For us, it's all about running everything through a brand filter and a local filter to ensure that it's on brand and is providing value to your local community. If a project is off-brand or only provides value to visitors or outside investors, it's not building toward the long-term success of your community.
Ryan Short, CEO, CivicBrand
It’s all about your community.
People. As was recently described by Caio Esteves, Bloom Consulting's Global Managing Partner of Placemaking, people should be at the heart of all projects whether country, region or city. In designing smart cities, we must remember for whom we are doing it. From differing perspectives, we must consider sustainable development in terms of people, planet, and profit, but if human wellbeing is not being achieved we're systematically failing to achieve its foundational purpose.
Jose Torres, CEO, Bloom Consulting
Make sure you're using technology to create positive change - not for its own sake.
The most important factor for a successful smart city project is local. It is a project for the city and its people, it’s not about the technology which is merely the enabler. Collaborating between the city and its citizens is at the core, but also collaborating with universities, the private sector and other key stakeholders will drive success. The city’s residents and businesses are best placed to help identify the key problems that a smart city project can solve. The more problems identified and solved, the better the city will run. I’d like to see more cities taking ownership of their project rather than the technology companies claiming all the credit.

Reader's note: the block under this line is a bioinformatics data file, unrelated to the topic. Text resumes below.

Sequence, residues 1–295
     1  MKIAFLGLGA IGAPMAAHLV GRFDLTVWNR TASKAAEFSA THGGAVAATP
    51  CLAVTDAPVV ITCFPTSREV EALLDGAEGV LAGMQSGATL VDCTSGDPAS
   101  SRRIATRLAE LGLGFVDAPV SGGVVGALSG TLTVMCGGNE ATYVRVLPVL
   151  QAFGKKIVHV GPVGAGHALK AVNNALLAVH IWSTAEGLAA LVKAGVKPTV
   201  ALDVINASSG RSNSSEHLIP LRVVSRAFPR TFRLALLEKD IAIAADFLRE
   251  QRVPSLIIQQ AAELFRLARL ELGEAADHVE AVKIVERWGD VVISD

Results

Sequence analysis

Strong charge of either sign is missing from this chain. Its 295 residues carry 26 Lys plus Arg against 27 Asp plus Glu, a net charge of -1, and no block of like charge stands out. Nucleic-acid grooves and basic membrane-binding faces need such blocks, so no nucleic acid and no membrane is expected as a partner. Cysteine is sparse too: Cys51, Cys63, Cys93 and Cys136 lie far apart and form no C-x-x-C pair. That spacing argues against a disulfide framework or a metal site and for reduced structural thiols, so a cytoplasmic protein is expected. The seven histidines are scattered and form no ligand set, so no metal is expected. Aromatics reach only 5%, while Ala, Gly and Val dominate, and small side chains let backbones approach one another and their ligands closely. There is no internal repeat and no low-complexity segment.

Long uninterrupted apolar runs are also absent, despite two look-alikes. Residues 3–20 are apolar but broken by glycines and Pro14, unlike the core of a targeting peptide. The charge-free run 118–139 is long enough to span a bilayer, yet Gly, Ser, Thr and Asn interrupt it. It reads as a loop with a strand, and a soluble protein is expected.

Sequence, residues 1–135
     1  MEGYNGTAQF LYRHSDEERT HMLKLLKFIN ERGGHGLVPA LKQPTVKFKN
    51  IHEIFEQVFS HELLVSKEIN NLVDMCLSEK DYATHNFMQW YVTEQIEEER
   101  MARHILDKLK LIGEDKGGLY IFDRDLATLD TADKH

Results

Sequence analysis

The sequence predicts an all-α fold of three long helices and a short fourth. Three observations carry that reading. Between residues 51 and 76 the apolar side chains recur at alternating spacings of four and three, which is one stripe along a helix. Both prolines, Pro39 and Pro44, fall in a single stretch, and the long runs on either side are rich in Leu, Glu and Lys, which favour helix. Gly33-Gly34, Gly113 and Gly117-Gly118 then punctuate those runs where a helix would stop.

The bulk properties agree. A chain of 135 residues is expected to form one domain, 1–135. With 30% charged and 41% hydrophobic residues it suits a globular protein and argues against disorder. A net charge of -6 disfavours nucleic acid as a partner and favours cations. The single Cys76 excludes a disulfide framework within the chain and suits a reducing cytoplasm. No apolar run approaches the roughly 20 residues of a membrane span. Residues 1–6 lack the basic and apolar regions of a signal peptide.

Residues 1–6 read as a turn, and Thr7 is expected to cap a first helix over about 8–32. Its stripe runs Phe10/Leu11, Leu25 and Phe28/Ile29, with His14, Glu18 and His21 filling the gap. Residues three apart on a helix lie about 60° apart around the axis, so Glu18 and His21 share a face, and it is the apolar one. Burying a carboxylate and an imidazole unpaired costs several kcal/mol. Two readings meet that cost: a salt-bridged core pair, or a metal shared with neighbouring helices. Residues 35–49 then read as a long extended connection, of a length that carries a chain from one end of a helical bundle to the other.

Gary Bryant, Executive Director – Strategy, LANDOR & FITCH
Agility and flexibility are key.
Destinations that have had the smartest response to the pandemic have successfully balanced the need to ‘sell’ the destination against the need for visitors to observe the restrictions imposed by the pandemic. I felt that we achieved this with our Secret Garden of England campaign for Kent which gently and sensitively encouraged visitors to come to the county after the first lockdown and our ‘Respect, Protect and Enjoy’ messaging which we developed and shared with other destinations all over the UK.
Tourism organisations going forward will need to be extremely agile and flexible in order to quickly adapt and respond to the latest information and data on what customers need and want (especially when designing experiences) and most importantly, they will need to be flexible in terms of payment terms and cancellation policies.
Deirdre Wells, CEO, Go To Places
Plan for the long-term.
Perhaps ironically, the most important factor for a smart city or any other civic project, is some form of progressive, long-haul governance, ideally a public/private partnership. Often, great initiatives get kick-started by a small cadre of influencers who can mobilize support and resources. However, we’ve watched a number of successful initiatives wither on the vine when administrations change and the original brigade of movers-and-shakers move on. By their very nature, major civic projects need to co-evolve with their places.
Places are never static. So, the organizations that fuel their success need to be built for renewal. From the outset, it’s important to establish an effective, self-renewing governance structure with a diverse team of stewards – a Board or advisory group – charged with ensuring that the initiative remains relevant, accountable, and continuously co-evolving with emerging technological, social and economic realities.
Jeanette Hanna, Chief Strategist, Trajectory Brands